Thursday, March 21, 2013

Great PD Speaker

Remember when you started teaching and you had to go to all sorts of professional development sessions when you really needed to spend time planning and grading?  Remember how few of them spoke to your needs?  Remember feeling frustrated that you truly wanted to learn and think about these things but you were just trying to keep your head above water?  I remember those days…barely.  I consider myself fortunate now to be skilled enough in planning and teaching that I get to go to PD sessions and enjoy them.  Recently I had the opportunity to attend PD sessions by two speakers who were excellent.  Rather than attempt to tell you everything they said, I would just like to share my take-aways.
The first speaker was John Medina, author of Brain Rules: 12 Principles for Surviving and Thriving at Work, Home, and School . First, let me say that Medina was a wonderful PD speaker.  Speaking to a crowd of teachers – on a Saturday no less – is not an easy task.  Medina brings charisma, humor and ease paired with engaging, provocative content.  There’s your recipe for success as a speaker.  So what did I take from him?

1. Read his book ASAP

2.     The brain is designed to solve problems outside while moving in varying meteorological conditions.  Certainly begs the question…Why do we have schools designed as we do if we want to maximize learning?
3.      We really don’t understand much about how memory works.
4.      It really takes 10 years of thinking about and re-encountering information to truly learn it.  Stop and think about this and consider how fast we cover curricula in schools.  Consider how quickly young teachers frequently leave the profession.  Consider how little support we give young teachers over the course of their first decade.  Consider how proficient we expect any professional to be after just a couple years.  Being good at something takes a while.  Being great?  See Malcolm Gladwell and Outliers.
5.      The brain doesn’t really allow multi-tasking; the medial parietal lobe doesn’t allow it.  I don’t actually know what this means, but I like knowing the brain doesn’t allow multi-tasking.  Now I can focus on one thing and have evidence to support me!
6.      A 26 minute nap begun 12 hours after the midpoint of the prior night’s sleep helps your brain reset itself, and you can then be more aware, better rested, and ready to learn.  I really like this idea for everyone.  And you don’t even have to sleep…simply getting horizontal helps.  Rosenkind at NASA measured the effects of this and saw a 34% increase in performance. 
7.     Generally speaking, we are all either larks, hummingbirds or owls – morning people, day people, and night people.  This is hardwired for most of us.  What would happen if we aligned students’ types and their school schedules?  What if we did the same for teachers?  Imagine lark teachers, teaching lark students from 7 to noon.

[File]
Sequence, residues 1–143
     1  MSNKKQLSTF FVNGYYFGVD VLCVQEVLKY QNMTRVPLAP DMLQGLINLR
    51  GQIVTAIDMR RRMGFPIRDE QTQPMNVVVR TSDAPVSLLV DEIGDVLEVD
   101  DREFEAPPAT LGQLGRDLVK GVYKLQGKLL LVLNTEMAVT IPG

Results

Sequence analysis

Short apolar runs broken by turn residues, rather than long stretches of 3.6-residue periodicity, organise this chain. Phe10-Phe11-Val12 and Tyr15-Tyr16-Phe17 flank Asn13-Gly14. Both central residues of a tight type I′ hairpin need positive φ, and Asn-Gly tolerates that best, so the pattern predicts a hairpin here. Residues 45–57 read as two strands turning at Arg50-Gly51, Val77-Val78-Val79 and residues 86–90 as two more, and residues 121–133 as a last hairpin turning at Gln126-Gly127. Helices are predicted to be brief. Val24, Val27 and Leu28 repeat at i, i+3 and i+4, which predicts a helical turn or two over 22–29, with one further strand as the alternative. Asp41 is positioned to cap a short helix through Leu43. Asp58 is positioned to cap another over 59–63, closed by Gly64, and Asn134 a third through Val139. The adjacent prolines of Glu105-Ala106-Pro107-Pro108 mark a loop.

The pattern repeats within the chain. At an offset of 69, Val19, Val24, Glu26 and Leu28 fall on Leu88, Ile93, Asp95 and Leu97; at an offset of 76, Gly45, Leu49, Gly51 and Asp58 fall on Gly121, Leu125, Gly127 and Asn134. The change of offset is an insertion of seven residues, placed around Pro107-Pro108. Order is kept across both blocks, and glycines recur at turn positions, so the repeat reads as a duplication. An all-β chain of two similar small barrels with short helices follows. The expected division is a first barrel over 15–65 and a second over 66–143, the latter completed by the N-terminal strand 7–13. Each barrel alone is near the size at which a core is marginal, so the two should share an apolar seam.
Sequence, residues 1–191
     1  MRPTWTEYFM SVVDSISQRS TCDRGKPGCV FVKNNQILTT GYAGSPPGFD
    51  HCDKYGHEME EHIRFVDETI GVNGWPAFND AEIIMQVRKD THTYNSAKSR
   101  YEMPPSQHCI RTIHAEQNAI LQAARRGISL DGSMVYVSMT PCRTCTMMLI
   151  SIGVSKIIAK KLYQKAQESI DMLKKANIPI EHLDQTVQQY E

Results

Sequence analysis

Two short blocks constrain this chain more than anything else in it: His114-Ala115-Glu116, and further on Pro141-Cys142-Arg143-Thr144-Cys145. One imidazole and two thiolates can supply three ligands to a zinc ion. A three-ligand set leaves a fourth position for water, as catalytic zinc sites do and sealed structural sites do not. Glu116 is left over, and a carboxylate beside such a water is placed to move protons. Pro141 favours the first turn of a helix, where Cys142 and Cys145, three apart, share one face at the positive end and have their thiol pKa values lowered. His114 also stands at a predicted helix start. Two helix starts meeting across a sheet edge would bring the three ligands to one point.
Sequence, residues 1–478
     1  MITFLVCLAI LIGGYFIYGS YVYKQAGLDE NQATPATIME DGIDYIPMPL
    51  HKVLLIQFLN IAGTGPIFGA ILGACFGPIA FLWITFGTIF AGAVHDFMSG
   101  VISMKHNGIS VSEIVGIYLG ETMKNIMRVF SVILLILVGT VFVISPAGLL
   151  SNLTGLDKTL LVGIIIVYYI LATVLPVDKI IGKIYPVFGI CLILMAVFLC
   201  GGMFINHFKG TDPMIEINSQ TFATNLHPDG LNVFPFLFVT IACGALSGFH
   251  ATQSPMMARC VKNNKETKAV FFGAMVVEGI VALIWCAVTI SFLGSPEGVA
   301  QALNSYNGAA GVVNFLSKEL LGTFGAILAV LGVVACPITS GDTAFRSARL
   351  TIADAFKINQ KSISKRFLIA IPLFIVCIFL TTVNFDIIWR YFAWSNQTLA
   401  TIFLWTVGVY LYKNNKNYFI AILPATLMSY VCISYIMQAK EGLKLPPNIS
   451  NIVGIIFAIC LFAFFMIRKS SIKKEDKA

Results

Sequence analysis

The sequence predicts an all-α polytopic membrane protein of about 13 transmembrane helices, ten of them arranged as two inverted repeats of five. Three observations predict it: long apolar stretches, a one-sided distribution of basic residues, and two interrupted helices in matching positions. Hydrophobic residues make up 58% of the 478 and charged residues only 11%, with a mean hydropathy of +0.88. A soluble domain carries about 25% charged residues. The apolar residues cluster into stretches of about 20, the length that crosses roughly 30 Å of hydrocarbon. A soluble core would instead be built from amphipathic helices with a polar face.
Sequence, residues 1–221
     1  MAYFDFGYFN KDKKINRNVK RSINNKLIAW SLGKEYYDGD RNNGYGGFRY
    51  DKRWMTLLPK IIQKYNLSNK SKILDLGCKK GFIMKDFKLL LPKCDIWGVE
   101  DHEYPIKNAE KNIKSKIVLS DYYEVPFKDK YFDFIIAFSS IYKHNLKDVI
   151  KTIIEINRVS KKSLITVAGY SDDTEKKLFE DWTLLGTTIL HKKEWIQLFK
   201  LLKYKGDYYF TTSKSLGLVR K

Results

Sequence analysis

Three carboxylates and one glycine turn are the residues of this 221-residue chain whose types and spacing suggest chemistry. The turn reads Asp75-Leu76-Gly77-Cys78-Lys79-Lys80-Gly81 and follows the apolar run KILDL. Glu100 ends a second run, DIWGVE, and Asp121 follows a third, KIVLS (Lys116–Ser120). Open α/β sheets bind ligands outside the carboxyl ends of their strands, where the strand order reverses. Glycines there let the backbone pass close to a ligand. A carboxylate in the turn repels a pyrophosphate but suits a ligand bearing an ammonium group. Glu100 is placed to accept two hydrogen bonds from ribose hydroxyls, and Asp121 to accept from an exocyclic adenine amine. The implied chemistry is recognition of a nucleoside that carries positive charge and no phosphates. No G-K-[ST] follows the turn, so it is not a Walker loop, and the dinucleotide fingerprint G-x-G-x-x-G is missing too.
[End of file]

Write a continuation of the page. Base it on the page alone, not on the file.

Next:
8.       Longevity, youthfulness and aging are determined by your degree of being sedentary.  You can change this.  Regular aerobic exercise for 16 weeks can improve executive functioning of the brain.  However, it takes three years of aerobic exercise to see improvement in memory.  And anaerobic exercise has no impact on brain function.
9.      The single greatest predictor of academic success is the emotional condition and stability of the home.
10.   Stress isn’t the problem; it’s our ability to handle it.  We all have stress.  Improved brain functioning allows us to handle the stress better.   

My greatest take-away was more of a validation.  The way the brain learns and the way we organize school are in opposition.  We could improve schools, learning and over-all achievement if we applied what we know about the brain and child development more effectively.  

In my next post I will share what I learned from three sessions with Dr. Youn Zhao, author of World Class Learners: Educating Creative and Entrepreneurial Students.


Abbas Husain said...

Thank you! Reading this has been a validation for me too!!!! Abbas Husain from Pakistan

Rachel Wilks said...

Thank you for sharing: as someone who has striven for a number of years to explain to learners (and teachers alike) that one-size fits all education programme will never, ever allow everyone to perform at their best, professional, credible validation!

Joe Beckmann said...

One of the most critical observations is how long it takes to know something. The"take away"ought to be teaming -with others who "know things better" -rather than resignation. As one of my students once said, presciently, "I never knew I know something until I taught it to somebody else."

A gracious hostess said...

I am familiar with this educator because I attended a conference a couple of years ago which was titled Learning and ths Brain. It was an amazing conference. Having a background in Science, I've always thought education practice should include in depth understanding of the workings of the brain.